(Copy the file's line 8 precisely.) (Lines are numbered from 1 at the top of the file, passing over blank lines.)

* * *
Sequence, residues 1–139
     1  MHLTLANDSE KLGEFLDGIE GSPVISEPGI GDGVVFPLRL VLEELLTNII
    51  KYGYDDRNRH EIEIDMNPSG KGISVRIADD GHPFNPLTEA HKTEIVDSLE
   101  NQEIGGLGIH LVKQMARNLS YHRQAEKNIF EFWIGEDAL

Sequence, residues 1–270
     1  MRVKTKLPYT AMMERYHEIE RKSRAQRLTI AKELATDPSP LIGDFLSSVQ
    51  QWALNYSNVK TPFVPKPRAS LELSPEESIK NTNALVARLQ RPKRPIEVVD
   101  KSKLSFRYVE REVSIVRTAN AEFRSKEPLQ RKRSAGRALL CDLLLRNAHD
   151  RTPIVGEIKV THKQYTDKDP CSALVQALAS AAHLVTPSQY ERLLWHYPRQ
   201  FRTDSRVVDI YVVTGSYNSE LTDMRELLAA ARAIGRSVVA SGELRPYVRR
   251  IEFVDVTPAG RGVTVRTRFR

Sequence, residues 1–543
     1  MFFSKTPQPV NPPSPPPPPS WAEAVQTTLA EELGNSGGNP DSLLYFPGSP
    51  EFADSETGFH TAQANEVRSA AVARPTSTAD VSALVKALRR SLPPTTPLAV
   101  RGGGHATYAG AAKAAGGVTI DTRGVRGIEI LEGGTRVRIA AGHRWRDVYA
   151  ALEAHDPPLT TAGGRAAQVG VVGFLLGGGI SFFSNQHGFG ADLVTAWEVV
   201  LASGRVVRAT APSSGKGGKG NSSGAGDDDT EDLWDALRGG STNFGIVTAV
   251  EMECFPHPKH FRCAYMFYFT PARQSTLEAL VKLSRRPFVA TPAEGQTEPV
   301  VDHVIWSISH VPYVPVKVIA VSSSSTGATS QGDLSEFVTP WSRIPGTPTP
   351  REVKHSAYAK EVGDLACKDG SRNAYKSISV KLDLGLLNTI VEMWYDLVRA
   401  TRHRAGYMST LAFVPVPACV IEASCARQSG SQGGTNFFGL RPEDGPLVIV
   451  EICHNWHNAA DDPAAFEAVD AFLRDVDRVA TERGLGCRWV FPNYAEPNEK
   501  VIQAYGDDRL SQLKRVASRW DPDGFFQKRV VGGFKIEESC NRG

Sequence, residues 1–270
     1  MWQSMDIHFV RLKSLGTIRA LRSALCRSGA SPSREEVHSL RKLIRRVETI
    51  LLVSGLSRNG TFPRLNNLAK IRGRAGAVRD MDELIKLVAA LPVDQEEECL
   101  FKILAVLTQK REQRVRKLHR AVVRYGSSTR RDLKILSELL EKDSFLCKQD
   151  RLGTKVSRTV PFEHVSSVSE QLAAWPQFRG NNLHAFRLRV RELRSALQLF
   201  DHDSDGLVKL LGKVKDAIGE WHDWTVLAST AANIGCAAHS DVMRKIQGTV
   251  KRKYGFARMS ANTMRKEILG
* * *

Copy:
   101  KSKLSFRYVE REVSIVRTAN AEFRSKEPLQ RKRSAGRALL CDLLLRNAHD